- If none of the above grounds are used, then where the landlord uses 3, 4, 7B, 8, 10 to 13, 14ZA, 14A, 15 or 17, the notice period should be at least 2 weeks long.
Obviously, this means that if you can use ground 14 (antisocial behaviour) in addition to a mandatory ground such as ground 8 then you can have a shorter notice (24 hours) with a greater chance of possession.
Steps to serving a Section 8 notice
If a tenant has failed to pay rent after making requests for them to do so, or they have breached another ground that may breach your mortgage conditions / lease / other tenants, then consider serving a Section 8 notice.
For rent arrears, this notice will demand that the tenant pays any rent arrears in full within a certain period. The notice period will vary depending upon the grounds being relied upon. If the rent is due monthly, it is a month overdue the next day. If the tenant misses the next monthly payment, then the day after that payment is missed you can issue the notice. You do not have to wait until the end of the month.
Tips for serving a Section 8 notice
- Do not send by Recorded Delivery/email
- Take an independent witness and deliver by hand in an envelope
- Show witness what is in the envelope i.e. Section 8
- If handed to tenant, if possible get the tenant to sign for receipt on their copy and yours. When handed to tenant personally, it is considered to have been served on that day
- If posted through the letterbox get witness to photograph this with a digital camera, displaying the date on the photograph. Also if possible get the flat / house number in the photograph. The notice is considered to have been served the next working day when posted through the letterbox. If you are using a smart phone, consider an app like Solocator which puts the date, time and location on your photographs.
If you are using a Section 8 notice on rent arrears only, the notice will expire 14 days after it is served. If ground 14 has been used as well, the notice will expire 1 day after it is served. If the tenant does not pay the rent within the period stipulated on the Section 8 notice, think about applying to the court for an order to evict the tenant. The order will also demand that the tenant pay any outstanding rent and may also demand that he/she pay the costs in applying to the court.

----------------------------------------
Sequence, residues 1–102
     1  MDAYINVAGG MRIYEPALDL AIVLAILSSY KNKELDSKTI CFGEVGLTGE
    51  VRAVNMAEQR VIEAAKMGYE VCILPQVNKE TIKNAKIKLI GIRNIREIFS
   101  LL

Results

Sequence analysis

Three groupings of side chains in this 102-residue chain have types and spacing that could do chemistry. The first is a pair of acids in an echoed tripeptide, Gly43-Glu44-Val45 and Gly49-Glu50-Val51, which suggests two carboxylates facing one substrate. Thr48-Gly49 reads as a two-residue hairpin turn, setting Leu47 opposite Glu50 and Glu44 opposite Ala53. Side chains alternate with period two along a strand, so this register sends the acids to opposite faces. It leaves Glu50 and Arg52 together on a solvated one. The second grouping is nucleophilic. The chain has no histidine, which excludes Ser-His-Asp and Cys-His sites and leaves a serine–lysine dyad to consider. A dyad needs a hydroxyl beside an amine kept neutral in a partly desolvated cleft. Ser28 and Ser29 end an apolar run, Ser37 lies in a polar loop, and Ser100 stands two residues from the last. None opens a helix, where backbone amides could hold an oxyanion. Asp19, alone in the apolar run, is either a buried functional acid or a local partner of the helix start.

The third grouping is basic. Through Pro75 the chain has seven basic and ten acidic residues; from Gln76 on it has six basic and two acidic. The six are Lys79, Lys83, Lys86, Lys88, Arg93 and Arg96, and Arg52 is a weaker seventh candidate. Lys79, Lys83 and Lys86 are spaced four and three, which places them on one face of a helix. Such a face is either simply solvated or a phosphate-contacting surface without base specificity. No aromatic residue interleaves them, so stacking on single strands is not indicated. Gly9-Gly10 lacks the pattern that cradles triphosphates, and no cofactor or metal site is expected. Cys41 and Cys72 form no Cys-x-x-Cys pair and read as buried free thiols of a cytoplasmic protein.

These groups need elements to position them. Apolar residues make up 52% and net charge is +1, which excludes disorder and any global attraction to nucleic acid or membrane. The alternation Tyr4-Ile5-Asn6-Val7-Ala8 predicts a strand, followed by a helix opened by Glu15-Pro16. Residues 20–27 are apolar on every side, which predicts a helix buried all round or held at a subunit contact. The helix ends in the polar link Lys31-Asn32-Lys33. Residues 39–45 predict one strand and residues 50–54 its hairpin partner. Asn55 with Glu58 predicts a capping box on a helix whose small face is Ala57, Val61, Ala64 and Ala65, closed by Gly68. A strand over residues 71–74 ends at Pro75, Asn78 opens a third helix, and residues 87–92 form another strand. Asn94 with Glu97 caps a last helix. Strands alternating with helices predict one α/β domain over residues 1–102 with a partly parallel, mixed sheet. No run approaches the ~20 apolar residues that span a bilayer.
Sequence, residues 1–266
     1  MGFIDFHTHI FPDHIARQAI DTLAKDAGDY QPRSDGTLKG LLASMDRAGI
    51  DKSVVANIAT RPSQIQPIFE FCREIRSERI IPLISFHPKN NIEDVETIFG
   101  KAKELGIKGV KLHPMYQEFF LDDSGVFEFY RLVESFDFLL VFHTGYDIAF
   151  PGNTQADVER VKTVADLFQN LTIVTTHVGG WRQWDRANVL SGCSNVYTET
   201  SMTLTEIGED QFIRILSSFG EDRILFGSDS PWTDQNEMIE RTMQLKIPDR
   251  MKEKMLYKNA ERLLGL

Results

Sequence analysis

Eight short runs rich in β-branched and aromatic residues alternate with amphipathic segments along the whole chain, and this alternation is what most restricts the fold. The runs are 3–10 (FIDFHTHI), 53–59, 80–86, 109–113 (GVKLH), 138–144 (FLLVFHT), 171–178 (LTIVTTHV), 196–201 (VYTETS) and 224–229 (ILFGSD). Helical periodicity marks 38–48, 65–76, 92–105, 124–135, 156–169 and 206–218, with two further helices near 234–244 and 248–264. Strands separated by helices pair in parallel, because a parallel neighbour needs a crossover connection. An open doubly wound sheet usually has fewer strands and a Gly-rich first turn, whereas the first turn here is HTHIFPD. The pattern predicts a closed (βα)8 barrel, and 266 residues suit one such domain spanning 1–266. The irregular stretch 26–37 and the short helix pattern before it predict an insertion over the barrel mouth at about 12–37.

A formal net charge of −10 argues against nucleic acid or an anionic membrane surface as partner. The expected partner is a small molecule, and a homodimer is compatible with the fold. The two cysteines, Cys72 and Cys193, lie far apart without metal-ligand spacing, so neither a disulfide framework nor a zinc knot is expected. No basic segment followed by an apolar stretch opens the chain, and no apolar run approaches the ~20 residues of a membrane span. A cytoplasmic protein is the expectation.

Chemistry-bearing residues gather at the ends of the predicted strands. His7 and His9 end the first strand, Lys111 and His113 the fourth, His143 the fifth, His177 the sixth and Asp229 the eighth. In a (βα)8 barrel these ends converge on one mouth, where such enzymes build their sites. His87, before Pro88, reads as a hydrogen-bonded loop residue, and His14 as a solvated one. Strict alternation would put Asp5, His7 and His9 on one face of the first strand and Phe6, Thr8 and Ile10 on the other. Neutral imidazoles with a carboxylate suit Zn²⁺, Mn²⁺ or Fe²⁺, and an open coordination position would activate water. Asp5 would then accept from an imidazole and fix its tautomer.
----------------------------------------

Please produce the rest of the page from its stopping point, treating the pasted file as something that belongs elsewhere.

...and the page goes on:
Landlords and agents should fill out Court Form N215 "Certificate of Service" as this will be needed when applying for the Possession Order.
The day after the notice expires you then complete both Court forms N5 and N119. This will cost £355 to make the application for a hearing.
If you apply using only Grounds 8, 10 and 11 then you are entitled to use Possession Claim Online to arrange a hearing, which is only £325.
10 days before the court hearing, complete the witness statement and attach to it all documents referred to in the witness statement, indexing them as indicated in the witness statement. Also update the arrears position as it will be on the date of the hearing. Send a copy to the tenant and the court (important: include the case number on both copies).
- Section 8 Blank (England)
- Section 8 Blank (Wales)
- Section 8 Blank - Completion Notes
- Section 8 Rent Arrears (England) (members only)
- Section 8 Rent Arrears (England) - Completion Notes (members only)
- Section 8 Rent Arrears (Wales) (members only)
- Section 8 Rent Arrears (Wales) - Completion Notes (members only)
- Section 8 Grounds of Possession clauses (members only)
- Court Form N215 - Certificate of Service (members only)
- Court Form N5 - Claim form for Possession of Property (members only)
- Court Form N5 - Completion Notes (members only)
- Court Form N119 - Particulars of claim for Possession (members only)
- Court Form N119 - Completion Notes (members only)
- Court Form N325 (members only)
- Court Form N325 - Completion Notes (members only)
- Example Landlord Witness Statement (members only)